TiO2 nanoparticle–photopolymer composites have been employed for volume holographic recording, as reported by Sánchez and co-workers on p. 1623. Photoinduced segregation of the high refractive index, grafted nanoparticles between polymer-rich areas leads to improved refractive-index modulation amplitudes with respect to the base material without nanoparticles. The cover schematically shows a holographic grating registered in this nanocomposite material. These nanocomposite materials should enable the production of holographic optical elements to efficiently control light with angle and wavelength selectivity. This could be used, for example, in liquid-crystal display technology.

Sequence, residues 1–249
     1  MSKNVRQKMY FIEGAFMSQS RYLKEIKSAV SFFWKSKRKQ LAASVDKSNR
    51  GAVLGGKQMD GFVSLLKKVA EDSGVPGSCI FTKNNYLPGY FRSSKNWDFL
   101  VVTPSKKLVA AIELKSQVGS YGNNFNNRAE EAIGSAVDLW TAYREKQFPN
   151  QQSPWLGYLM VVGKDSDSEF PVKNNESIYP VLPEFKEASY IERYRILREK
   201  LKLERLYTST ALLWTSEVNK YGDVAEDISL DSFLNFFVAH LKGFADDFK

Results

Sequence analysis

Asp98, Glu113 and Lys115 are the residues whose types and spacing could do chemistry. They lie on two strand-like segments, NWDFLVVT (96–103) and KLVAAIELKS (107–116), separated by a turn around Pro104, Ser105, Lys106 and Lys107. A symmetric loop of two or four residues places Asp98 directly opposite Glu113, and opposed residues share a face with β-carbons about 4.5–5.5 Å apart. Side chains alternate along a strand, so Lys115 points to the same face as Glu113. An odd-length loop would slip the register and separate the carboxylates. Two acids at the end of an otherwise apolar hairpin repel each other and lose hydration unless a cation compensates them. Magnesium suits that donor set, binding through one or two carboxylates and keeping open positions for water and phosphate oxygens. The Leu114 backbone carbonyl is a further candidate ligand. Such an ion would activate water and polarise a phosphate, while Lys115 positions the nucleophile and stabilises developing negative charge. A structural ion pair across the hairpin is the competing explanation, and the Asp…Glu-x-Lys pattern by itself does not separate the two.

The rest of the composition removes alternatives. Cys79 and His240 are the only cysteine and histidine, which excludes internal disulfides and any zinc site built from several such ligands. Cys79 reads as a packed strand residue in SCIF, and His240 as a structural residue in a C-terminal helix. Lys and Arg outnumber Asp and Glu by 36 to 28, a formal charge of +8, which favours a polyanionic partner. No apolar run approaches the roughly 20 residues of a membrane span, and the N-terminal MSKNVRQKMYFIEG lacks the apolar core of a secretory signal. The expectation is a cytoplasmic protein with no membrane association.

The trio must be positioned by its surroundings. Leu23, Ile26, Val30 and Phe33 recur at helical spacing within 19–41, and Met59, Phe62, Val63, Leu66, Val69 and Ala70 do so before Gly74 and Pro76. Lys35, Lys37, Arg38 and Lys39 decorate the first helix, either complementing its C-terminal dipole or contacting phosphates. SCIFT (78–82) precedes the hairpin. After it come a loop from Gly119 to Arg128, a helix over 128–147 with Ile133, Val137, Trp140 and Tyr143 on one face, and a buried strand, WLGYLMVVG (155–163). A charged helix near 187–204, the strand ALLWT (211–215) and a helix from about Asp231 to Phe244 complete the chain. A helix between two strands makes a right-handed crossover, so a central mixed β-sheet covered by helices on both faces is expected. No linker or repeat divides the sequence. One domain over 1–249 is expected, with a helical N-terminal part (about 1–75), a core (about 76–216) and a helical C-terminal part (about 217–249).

A new and efficient photopolymer for the recording of volume holograms is presented. The material comprises a mixture of UV-sensitive acrylates and grafted titanium dioxide nanoparticles with an average size of 4 nm. We report the formation of holographic gratings with refractive-index modulation amplitudes of up to 15.5 × 10–3—an improvement of more than a factor of four over the base material without nanoparticles—while maintaining a low level of scattering and a high transparency in the visible-wavelength range. The influence of the composition of the acrylate system on the final properties of the holographic material is also investigated and discussed. The presence of multifunctional monomers favors the compositional segregation of the different components, while the addition of monofunctional acrylate, highly compatible with the grafting of the nanoparticles, favors the dilution of these nanoparticles.